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Another meta element, if implemented incorrectly, that can also trip up websites is robots.txt. I was recently reminded of this while reviewing the website of a large company that had spent considerable money on building a mobile version of their website, on a sub-directory. That’s fine, but having a disallow statement in their robots.txt file meant that the website wasn’t accessible to search engines (Disallow: /mobile/)
Let’s review how to properly implement robots.txt to avoid search ranking problems and damaging your business, as well as how to correctly disallow search engine crawling.
Simply put, if you go to domain.com/robots.txt, you should see a list of directories of the website that the site owner is asking the search engines to “skip” (or “disallow”). However, if you aren’t careful when editing a robots.txt file, you could be putting information in your robots.txt file that could really hurt your business.
There’s tons of information about the robots.txt file available at the Web Robots Pages, including the proper usage of the disallow feature, and blocking “bad bots” from indexing your website.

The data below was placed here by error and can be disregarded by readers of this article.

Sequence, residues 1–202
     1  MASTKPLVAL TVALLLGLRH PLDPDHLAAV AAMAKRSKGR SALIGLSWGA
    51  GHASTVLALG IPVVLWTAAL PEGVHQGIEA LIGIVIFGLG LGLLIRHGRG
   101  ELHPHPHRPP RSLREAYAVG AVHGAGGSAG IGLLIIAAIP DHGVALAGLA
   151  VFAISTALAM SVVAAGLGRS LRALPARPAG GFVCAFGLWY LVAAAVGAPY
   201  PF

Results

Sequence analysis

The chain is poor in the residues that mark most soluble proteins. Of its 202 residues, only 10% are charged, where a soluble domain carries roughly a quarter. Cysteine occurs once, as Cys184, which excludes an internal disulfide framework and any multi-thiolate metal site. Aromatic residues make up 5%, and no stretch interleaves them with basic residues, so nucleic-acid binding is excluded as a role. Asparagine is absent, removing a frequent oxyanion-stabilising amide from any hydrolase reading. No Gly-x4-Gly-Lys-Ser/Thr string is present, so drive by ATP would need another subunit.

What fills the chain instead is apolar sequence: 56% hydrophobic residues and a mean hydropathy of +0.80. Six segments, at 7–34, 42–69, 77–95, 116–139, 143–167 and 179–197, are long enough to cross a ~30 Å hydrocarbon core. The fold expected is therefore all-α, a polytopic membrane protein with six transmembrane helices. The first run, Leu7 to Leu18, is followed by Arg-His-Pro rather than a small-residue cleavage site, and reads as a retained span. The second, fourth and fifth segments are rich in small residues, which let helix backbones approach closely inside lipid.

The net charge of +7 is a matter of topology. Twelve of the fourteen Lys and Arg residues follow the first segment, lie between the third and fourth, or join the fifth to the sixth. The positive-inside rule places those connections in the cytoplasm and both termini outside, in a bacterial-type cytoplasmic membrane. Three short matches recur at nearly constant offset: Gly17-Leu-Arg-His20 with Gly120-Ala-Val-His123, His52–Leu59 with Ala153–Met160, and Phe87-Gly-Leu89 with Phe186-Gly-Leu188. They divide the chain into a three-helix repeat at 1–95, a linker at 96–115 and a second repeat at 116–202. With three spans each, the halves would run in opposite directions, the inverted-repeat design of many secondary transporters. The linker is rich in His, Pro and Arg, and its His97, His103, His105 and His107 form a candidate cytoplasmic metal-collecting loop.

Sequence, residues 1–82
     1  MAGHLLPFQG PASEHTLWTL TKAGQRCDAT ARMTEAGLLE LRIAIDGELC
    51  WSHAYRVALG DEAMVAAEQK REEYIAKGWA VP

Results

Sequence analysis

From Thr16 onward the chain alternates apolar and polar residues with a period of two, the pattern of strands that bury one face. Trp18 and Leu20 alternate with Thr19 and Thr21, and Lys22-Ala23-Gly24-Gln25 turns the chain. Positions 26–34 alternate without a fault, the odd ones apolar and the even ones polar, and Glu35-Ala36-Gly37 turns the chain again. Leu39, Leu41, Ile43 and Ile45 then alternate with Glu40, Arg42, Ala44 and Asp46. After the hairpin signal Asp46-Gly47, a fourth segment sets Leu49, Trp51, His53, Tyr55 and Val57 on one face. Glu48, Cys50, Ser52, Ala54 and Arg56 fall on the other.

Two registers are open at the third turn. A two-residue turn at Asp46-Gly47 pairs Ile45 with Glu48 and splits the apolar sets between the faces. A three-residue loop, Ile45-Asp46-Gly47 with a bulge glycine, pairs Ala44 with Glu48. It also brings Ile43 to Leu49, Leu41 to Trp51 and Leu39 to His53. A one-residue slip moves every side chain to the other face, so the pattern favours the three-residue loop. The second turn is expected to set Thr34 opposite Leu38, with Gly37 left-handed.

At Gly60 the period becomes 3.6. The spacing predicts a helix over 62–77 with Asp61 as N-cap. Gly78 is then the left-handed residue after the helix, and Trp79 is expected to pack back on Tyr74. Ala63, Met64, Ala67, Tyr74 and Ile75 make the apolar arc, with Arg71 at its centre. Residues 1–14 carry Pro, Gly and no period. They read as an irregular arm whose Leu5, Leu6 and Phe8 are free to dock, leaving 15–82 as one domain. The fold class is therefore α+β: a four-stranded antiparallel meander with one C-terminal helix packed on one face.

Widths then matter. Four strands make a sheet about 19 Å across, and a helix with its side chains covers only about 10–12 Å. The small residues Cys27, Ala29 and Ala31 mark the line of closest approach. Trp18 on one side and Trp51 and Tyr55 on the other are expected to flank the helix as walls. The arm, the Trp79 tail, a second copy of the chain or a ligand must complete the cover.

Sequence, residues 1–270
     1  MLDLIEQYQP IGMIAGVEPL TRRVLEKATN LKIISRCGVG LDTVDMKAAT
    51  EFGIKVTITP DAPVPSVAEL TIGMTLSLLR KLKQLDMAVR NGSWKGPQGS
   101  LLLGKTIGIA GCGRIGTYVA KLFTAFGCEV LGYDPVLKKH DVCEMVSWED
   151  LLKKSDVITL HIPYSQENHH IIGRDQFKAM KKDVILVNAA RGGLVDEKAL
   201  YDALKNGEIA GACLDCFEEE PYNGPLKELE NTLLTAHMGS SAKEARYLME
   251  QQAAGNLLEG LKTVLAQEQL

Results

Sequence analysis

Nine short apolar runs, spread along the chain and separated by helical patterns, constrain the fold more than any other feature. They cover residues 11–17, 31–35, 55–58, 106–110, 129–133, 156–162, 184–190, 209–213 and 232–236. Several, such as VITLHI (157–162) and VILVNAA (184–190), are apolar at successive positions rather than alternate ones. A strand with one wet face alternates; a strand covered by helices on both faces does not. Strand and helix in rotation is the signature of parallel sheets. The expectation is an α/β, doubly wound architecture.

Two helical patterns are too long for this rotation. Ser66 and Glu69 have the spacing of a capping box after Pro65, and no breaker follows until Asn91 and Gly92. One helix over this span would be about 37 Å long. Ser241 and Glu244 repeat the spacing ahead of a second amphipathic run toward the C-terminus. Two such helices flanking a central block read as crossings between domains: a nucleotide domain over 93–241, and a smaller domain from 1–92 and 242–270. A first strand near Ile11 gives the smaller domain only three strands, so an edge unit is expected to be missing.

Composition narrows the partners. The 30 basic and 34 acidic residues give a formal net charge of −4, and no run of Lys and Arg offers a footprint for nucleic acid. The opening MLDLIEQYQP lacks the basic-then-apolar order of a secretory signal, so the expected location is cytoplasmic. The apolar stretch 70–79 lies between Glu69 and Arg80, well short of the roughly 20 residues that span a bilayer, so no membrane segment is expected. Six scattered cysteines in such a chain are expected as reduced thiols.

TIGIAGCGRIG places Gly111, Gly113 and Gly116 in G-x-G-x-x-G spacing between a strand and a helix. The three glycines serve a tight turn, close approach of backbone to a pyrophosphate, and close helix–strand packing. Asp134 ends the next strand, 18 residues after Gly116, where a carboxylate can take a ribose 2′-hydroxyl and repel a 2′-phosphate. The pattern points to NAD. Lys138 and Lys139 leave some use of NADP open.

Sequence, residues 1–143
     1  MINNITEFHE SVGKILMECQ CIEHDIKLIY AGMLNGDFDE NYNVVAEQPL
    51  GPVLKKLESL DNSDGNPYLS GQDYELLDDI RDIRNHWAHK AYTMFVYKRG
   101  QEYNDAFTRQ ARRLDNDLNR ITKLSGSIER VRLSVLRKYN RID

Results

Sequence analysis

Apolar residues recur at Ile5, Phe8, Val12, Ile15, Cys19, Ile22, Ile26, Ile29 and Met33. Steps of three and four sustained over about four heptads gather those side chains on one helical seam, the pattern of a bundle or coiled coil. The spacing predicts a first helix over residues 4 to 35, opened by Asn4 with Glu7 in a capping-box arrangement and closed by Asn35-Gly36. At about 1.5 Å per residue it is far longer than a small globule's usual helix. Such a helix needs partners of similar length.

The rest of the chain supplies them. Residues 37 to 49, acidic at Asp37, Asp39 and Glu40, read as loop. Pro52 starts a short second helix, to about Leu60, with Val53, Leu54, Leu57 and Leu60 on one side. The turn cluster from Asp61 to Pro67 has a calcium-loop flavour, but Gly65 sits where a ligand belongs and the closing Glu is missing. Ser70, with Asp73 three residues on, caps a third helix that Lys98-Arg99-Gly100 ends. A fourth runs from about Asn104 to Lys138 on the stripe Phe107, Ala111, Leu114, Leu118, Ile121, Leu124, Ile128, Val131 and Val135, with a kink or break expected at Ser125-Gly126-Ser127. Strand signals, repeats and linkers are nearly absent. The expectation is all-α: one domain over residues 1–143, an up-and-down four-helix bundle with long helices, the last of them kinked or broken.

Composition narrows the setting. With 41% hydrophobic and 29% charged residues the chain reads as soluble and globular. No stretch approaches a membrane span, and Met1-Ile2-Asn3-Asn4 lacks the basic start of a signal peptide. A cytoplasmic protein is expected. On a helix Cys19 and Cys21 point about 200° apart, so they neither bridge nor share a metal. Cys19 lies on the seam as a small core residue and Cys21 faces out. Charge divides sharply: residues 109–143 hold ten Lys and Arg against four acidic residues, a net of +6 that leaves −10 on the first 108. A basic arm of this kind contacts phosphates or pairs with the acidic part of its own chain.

The general rule of thumb is to make sure a robots.txt file exists at the root of your domain (e.g., domain.com/robots.txt). To exclude all robots from indexing part of your website, your robots.txt file would look something like this:
* Disallow: /cgi-bin/
The above syntax would tell all robots not to index the /cgi-bin/, the /tmp/, and the /junk/ directories on your website.
Robots.txt Dos and Don’ts:
There are many good reasons to stop the search engines from indexing certain directories on a website and allowing others for SEO purposes. Let’s look at some examples.
Do with robots.txt:
• Take a look at all of the directories in your website. Most likely, there are directories that you’d want to disallow the search engines from indexing, including directories like /cgi-bin/, /wp-admin/, /cart/, /scripts/, and others that might include sensitive data.
• Stop the search engines from indexing certain directories of your site that might include duplicate content. For example, some websites have “print versions” of web pages and articles that allow visitors to print them easily. You should only allow the search engines to index one version of your content.
• Make sure that nothing stops the search engines from indexing the main content of your website.
• Look for certain files on your site that you might want to disallow the search engines from indexing, such as certain scripts, or files that might contain email addresses, phone numbers, or other sensitive data.
Peter Zmijewski is the founder and CEO at KeywordSpy. His expert knowledge on Internet Marketing practices and techniques has earned him the title “Internet Marketing Guru”. He is also an innovator, investor and entrepreneur widely recognized by the top players in the industry.
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